The government of Bermuda has become the first in the world to accept cryptocurrency as a valid way for its citizens to pay taxes, financial services company Circle announced on 16 October.
According to the press release, more than 60,000 residents of the island nation will have the option of paying their “taxes, fees and other government services” using the USD Coin (USDC).
This move comes as part of the government’s wider initiative to support the use of “USD-backed stablecoins and decentralized finance protocols and services”.
Pegged to the U.S. dollar, USDC was launched a year ago and has already become the second most popular stablecoin in the world, with an issuance of $1 billion.
The issuer of the stablecoin, Circle, has also announced that it has received a “Class F” license under the government’s Digital Assets Business Act (DABA) of 2018, which allows it to build products and operations in Bermuda “that support a broad range of financial services built entirely on crypto and digital assets”.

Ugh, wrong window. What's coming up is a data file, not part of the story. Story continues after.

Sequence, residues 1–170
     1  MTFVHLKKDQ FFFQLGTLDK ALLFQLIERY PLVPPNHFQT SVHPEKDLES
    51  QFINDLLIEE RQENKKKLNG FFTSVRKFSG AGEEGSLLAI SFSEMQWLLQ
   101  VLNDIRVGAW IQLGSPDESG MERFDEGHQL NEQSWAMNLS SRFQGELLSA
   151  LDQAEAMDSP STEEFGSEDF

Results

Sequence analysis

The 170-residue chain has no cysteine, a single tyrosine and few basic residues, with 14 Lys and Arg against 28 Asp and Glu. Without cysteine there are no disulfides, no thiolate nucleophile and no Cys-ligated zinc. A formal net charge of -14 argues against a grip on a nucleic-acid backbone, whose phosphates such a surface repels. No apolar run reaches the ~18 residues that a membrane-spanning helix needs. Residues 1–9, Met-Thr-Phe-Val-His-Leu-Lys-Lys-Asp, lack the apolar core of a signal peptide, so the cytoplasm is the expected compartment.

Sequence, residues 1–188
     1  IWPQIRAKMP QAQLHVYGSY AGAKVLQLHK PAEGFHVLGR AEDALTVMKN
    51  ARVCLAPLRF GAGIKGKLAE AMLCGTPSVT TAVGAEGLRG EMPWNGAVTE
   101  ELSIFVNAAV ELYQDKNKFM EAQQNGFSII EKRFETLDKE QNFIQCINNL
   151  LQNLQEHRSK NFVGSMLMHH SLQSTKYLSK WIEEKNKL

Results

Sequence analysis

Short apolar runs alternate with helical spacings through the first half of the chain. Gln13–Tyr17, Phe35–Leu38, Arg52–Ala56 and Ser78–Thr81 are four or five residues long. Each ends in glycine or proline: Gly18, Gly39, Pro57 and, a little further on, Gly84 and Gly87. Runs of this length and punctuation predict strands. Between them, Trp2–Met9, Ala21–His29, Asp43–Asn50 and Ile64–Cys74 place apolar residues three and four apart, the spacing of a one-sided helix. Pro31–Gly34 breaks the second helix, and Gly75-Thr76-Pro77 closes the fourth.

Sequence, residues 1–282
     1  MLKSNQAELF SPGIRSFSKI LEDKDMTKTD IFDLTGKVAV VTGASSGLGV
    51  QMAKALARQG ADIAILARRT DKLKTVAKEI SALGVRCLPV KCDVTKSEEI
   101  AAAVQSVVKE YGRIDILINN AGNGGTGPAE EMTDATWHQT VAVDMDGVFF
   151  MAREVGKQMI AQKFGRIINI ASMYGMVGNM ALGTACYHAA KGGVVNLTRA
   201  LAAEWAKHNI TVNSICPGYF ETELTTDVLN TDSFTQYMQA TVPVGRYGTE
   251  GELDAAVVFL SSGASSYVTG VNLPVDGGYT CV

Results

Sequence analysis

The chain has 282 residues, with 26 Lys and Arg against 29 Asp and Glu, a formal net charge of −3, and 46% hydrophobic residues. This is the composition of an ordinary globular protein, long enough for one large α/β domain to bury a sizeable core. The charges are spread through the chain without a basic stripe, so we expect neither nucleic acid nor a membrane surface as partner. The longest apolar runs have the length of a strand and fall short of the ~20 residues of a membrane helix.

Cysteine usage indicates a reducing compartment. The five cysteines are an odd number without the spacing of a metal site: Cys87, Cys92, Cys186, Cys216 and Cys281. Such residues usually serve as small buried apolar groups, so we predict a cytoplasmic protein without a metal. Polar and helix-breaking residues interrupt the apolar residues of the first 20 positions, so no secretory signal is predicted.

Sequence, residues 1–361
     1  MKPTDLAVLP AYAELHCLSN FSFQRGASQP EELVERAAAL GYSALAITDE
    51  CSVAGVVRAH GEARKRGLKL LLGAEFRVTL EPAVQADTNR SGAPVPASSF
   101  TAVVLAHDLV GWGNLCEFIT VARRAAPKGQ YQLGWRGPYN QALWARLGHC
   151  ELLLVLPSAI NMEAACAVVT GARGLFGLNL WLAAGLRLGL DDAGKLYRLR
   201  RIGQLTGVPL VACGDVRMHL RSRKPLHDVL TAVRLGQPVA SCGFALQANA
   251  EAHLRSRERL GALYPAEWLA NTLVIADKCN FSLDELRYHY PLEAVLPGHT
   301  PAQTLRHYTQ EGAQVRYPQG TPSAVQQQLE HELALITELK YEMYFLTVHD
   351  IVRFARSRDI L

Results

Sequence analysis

Stablecoins have become a hot topic with regulators and governments as of late, even though many of them view such projects in a negative light, such as the Financial Stability Board (FSB) which released a report that assessed stablecoins as a risk to financial systems.
Others, on the other hand, have embraced the opportunity that comes with stablecoins, such as the Philippines-based UnionBank which has issued a stablecoin – PHX – and has already conducted a blockchain-based transaction with it.
Bermuda has been an innovator in the blockchain space for a couple of years now.
Back in 2017 it established a blockchain task force in conjunction with its Business Development Agency (BDA), which went on to pass an ICO legislation as well as to create a regulatory sandbox for crypto companies.
Earlier this month, blockchain startup Shyft Networks announced that it is working with the Bermuda government on launching a digital identity program, which will benefit individuals doing business in the country.